Grant Brians, Heirloom Organic Gardens
Terra Madre is not like any other convention I have been to. I went expecting to meet people from all over the world, and lo and behold, I did meet and have interesting and useful conversations with people from each continent except Australia!
But aside from going with an open mind to try and learn as much as I could, I had an overarching goal: find seeds of interesting heirloom vegetable and herb varieties to bring back to our farm and to your tables. To my surprise, there were very few vegetables being served or sold at Salone del Gusto, so my son, Coy, and I ventured into the markets in the old town.
The retail produce market had bananas from the Caribbean and fruits and vegetables from the large companies all over southern Europe, Africa, and the Middle East, almost all of them modern hybrids. But we also found an organic-only farmers market, where real farmers were selling traditional varieties of everything from romanesco to polenta corn to spinach. The selection was small, but the flavors were terrific, and the farmers had a real connection with their customers just like we do.
Back at Terra Madre, I found heirloom runner beans from Romania and will be testing out the seeds for local use back at my farm. I also found heirloom beans from the Treviso area near Venice, orange-colored polenta corn from near Torino, and Ark of Taste onion varieties. I found a Brazilian rice farmer who I am connecting with a friend who grows rice here in California. The Brazilian farmer grows a red rice variety I think some of our local chefs would like.
As those who know me can attest, I have no trouble talking to people. As a result, I ended up giving an impromptu talk on organic certification and how to make it work better for indigenous Third World farmers. My history in the organic farming movement and certification stretches back to the mid-1970s, and that came in handy.
In short, I now have even more investigations and research to do as a result of our trip to Terra Madre. I look forward to continuing the friendships I made, and I hope to bring even more interesting and tasty crops to my home of Northern California.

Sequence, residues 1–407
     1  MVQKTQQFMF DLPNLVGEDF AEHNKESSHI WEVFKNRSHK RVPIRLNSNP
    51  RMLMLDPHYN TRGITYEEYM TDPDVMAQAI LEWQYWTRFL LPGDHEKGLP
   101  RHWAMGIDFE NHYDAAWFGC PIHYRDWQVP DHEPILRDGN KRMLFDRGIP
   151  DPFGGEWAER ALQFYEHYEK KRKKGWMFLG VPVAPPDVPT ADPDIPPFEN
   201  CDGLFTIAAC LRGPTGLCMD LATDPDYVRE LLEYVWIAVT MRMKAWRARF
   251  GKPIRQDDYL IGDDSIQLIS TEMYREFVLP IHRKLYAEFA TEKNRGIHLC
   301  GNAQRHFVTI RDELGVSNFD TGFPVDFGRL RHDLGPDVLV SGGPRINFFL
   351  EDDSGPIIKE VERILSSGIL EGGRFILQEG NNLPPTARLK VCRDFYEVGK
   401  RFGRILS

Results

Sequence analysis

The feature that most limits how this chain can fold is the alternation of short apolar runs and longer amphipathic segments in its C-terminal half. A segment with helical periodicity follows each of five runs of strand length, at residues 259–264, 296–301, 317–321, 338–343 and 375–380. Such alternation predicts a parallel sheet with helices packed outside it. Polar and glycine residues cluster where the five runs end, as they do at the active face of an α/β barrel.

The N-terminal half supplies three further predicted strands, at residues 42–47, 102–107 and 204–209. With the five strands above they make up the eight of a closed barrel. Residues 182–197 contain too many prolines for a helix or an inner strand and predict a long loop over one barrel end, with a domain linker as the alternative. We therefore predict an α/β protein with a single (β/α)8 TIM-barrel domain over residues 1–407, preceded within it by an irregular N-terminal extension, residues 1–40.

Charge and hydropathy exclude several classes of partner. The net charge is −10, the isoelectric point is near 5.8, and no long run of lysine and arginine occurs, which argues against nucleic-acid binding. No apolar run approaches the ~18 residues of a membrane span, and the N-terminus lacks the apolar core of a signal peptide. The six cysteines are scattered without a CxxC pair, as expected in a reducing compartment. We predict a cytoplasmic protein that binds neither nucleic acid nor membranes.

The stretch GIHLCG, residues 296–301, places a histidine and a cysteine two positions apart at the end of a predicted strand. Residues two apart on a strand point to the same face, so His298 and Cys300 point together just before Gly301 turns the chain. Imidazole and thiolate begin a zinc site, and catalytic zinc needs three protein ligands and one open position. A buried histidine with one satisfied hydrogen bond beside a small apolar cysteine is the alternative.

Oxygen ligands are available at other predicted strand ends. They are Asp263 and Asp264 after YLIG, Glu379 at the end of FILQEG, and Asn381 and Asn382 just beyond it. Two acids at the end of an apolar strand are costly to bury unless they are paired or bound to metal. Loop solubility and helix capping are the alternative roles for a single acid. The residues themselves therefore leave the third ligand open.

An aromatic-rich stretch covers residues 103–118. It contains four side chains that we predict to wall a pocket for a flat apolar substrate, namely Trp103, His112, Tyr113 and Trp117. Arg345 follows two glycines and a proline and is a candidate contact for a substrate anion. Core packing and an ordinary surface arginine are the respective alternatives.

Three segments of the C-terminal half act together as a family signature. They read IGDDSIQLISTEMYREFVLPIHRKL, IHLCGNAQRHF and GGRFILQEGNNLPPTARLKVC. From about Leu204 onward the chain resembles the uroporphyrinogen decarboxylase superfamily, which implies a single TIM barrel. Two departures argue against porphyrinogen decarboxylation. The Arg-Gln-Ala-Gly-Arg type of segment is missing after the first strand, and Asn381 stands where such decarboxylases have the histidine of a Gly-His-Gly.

Cindy Mendoza, CUESA
I’m grateful for the exciting opportunity to attend Terra Madre and Salone del Gusto. Enlightening exchanges with past attendees couldn’t have prepared me for the poignant impact of the conference itself. It was an incredible once-in-a-lifetime chance to connect with food producers from around world who shared the same values to provide clean, safe, and fair food for all.
This year marked 25 years of Slow Food and 10 years of Terra Madre. The opening ceremony set the tone for the conference. I was humbled and amazed seeing the parade of flags from more than 150 countries and the diversity of delegates in their colorful traditional dress. Over the next five days, I kept being reminded of the role each of us plays in this global food movement.
Among the speakers who shared their stories at the U.S. delegation meeting, chef and sixth-generation farmer Matthew Raiford spoke about returning to his hometown of Brunswick, Georgia, to work the land his family had owned since 1874. Third-generation fisherman and New Orleans shrimper Lance Nacio shared his journey converting to more sustainable practices after connecting with his local Slow Food chapter. Fourth-generation hog farmer and Humane Society Vice President Joe Maxwell called on U.S. farmers to lead the global Slow Meat movement and reverse the industrial model that American corporate operations have spread.
I had many more opportunities to get to know my fellow delegates while tasting regional Italian cheeses, salumi, and sweets, visiting the Turin farmers market, and taking a white truffle adventure in Alba. I also met Burkino Faso cheesemakers, Ugandan coffee growers, and an old Filipino chef friend. Inspired by stories from farmers and food makers near and far, I left Turin fully sated and ready to continue the global work of Slow Food back home.
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Pictured above: Grant and Coy Brians, Cindy Mendoza, Luisa Alberto, and Bryce Loewen.
Ark of Taste photo by Luisa Alberto.